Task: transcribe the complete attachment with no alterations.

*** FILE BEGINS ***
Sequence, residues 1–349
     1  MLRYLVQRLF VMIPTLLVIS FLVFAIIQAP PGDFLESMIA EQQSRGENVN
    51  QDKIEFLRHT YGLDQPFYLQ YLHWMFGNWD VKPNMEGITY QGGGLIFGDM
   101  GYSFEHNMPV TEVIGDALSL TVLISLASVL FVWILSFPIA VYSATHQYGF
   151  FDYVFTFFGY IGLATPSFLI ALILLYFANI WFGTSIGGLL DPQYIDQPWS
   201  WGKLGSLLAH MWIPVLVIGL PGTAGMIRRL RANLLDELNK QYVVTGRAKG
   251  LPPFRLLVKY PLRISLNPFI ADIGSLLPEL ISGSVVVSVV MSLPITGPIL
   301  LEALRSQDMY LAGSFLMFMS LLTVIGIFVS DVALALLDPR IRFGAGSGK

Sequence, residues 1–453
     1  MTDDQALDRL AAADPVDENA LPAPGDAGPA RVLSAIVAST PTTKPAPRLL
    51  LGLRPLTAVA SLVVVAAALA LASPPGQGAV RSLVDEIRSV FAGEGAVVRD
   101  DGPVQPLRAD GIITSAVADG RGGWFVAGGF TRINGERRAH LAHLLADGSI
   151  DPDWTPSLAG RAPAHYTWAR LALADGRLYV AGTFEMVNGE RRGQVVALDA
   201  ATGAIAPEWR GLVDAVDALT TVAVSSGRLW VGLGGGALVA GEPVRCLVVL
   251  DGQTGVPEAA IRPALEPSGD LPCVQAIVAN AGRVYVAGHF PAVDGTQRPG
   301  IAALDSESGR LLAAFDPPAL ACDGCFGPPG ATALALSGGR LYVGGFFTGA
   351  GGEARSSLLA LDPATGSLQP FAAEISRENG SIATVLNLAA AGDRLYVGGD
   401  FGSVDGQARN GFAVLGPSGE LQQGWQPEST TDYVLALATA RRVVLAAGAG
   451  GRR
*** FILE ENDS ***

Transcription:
Sequence, residues 1–349
     1  MLRYLVQRLF VMIPTLLVIS FLVFAIIQAP PGDFLESMIA EQQSRGENVN
    51  QDKIEFLRHT YGLDQPFYLQ YLHWMFGNWD VKPNMEGITY QGGGLIFGDM
   101  GYSFEHNMPV TEVIGDALSL TVLISLASVL FVWILSFPIA VYSATHQYGF
   151  FDYVFTFFGY IGLATPSFLI ALILLYFANI WFGTSIGGLL DPQYIDQPWS
   201  WGKLGSLLAH MWIPVLVIGL PGTAGMIRRL RANLLDELNK QYVVTGRAKG
   251  LPPFRLLVKY PLRISLNPFI ADIGSLLPEL ISGSVVVSVV MSLPITGPIL
   301  LEALRSQDMY LAGSFLMFMS LLTVIGIFVS DVALALLDPR IRFGAGSGK

Sequence, residues 1–453
     1  MTDDQALDRL AAADPVDENA LPAPGDAGPA RVLSAIVAST PTTKPAPRLL
    51  LGLRPLTAVA SLVVVAAALA LASPPGQGAV RSLVDEIRSV FAGEGAVVRD
   101  DGPVQPLRAD GIITSAVADG RGGWFVAGGF TRINGERRAH LAHLLADGSI
   151  DPDWTPSLAG RAPAHYTWAR LALADGRLYV AGTFEMVNGE RRGQVVALDA
   201  ATGAIAPEWR GLVDAVDALT TVAVSSGRLW VGLGGGALVA GEPVRCLVVL
   251  DGQTGVPEAA IRPALEPSGD LPCVQAIVAN AGRVYVAGHF PAVDGTQRPG
   301  IAALDSESGR LLAAFDPPAL ACDGCFGPPG ATALALSGGR LYVGGFFTGA
   351  GGEARSSLLA LDPATGSLQP FAAEISRENG SIATVLNLAA AGDRLYVGGD
   401  FGSVDGQARN GFAVLGPSGE LQQGWQPEST TDYVLALATA RRVVLAAGAG
   451  GRR